Author Topic: Potential for female hemophiliac  (Read 5547 times)

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Potential for female hemophiliac
« on: September 02, 2010, 10:33:30 PM »
I did a search and couldn't find any threads on this, but I'd be amazed if I were the first person to think of it. If this has already been discussed, moderators may feel free to delete this thread. Also, feel free to move it if necessary; I didn't know where else to put it.

This is just something I thought of in my Russian history class the other day, and is strictly a "what if" scenario. It probably wouldn't have been plausible even if the Romanov family hadn't been assassinated.

If Alexei had lived into manhood and gotten married, it would have been impossible for any of his potential daughters not to be affected in some way by hemophilia. Since girls get one X gene from each parent and the only X Alexei could have passed along would have been infected, then any and all of his (theoretical) daughters would have at least been carriers. However, if he had married a woman who was a carrier, then there would have been the potential for their daughter to inherit a defective X gene from each parent, thus making Alexei the father of a rare female hemophiliac.

Am I correct in thinking this? What I'm asking is, could it really have worked out this way? I don't claim to be any kind of expert in either genetics or hemophilia. It was just a possibility that occurred to me and I wanted to know what other people thought.

Offline Forum Admin

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Re: Potential for female hemophiliac
« Reply #1 on: September 02, 2010, 11:00:02 PM »
his daughters would have been carriers.  "IF" he married a female carrier, their daughters would have a one in four chance of having hemophilia. (i believe, not sure of the specific odds)

Offline Kalafrana

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Re: Potential for female hemophiliac
« Reply #2 on: September 03, 2010, 03:27:37 AM »
I agree with Forum Admin. Any sons Alexei had would be unaffected, unless their mother was a carrier, but any daughter would be a carrier. The example is the children of Leopold of Albany. His daughter Alice was a carrier and had a haemophiliac son (though her daughter seems not to have been a carrier), while his son, Charles Edward, was unaffected.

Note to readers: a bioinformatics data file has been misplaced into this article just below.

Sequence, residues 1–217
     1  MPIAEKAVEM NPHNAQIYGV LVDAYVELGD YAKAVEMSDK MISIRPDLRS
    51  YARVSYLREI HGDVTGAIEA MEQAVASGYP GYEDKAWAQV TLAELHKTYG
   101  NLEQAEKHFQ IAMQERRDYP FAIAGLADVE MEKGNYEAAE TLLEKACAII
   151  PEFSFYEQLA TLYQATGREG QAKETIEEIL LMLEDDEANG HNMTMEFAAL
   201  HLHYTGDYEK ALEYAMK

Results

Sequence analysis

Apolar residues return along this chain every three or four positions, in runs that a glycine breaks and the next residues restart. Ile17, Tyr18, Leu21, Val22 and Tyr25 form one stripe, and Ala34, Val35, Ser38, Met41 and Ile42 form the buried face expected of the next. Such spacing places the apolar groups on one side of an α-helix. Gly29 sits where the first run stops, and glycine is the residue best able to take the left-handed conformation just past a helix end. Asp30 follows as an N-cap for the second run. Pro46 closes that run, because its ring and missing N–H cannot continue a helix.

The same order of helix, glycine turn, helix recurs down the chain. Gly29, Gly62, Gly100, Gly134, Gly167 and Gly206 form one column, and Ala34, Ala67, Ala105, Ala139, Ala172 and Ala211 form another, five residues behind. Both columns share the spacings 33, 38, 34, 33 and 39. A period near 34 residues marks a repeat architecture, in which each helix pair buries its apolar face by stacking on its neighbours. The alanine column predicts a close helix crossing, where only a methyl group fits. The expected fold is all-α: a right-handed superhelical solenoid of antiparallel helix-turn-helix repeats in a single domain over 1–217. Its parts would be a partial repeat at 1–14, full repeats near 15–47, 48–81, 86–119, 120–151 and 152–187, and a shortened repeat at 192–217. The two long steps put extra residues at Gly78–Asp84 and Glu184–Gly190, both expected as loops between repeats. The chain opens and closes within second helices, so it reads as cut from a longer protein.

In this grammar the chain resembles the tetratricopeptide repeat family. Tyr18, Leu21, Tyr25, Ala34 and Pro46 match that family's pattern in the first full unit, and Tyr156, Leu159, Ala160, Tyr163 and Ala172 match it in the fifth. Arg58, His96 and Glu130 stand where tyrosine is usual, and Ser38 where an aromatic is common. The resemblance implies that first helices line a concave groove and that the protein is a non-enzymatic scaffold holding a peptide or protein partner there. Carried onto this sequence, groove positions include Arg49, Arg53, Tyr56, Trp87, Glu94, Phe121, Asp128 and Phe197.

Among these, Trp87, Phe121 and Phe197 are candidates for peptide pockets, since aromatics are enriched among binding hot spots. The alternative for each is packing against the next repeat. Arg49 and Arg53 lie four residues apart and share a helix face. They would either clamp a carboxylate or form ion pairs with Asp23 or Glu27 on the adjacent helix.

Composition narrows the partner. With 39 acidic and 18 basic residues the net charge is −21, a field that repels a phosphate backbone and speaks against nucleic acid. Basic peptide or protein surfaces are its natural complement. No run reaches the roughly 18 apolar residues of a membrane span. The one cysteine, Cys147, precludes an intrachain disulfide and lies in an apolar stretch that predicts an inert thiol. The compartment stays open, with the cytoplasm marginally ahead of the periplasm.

If Alexei married a carrier, their daughters would certainly be carriers, and there is the possibility of one or more being haemophiliac herself (quite apart from the 'ordinary' risk of sons inheriting the haemophilia gene from their mother). I think Nicholas and Alexandra would have had to rule out all descendants of Queen Victoria while finding a bride for Alexei!


Offline windemere

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Re: Potential for female hemophiliac
« Reply #3 on: March 12, 2012, 04:27:38 PM »
Due to advances in medical treatment for hemophilia, more hemophiliac men are surviving to reproductive age, and having children. Also, probably as a result of this, although hemophilia in women remains very rare, it is more common now than it was in the past. (There is a greater chance of a woman now inheriting an affected X from both her carrier mother, and from her affected father, resulting in two affected XX chromosomes ( a woman with hemophilia ). However, just as in men, due to advances in medical treatment, hemophilia in women is now manageable. A hemophiliac women, with good medical care, can even give birth herself. Since she has 2 affected X chromosomes, her sons will automatically have hemophilia, and her daughters will automatically be carriers. Genetic counselling would be recommended.

Incidentally, hemophilia can also arise as a spontaneous mutation in the X chromosome. It is then passed on to future generations, and becomes hereditary. This is probably how it originated in Queen Victoria, as there was no previous history of hemophilia in her forebears. The mutation isn't common, but is more likely to occur in  a birth in advanced maternal age. I believe Victoria's mother gave birth to Victoria at a somewhat advanced age, and one of Victoria's X chromosomes must have been a spontaneous mutation.
« Last Edit: March 12, 2012, 04:35:50 PM by windemere »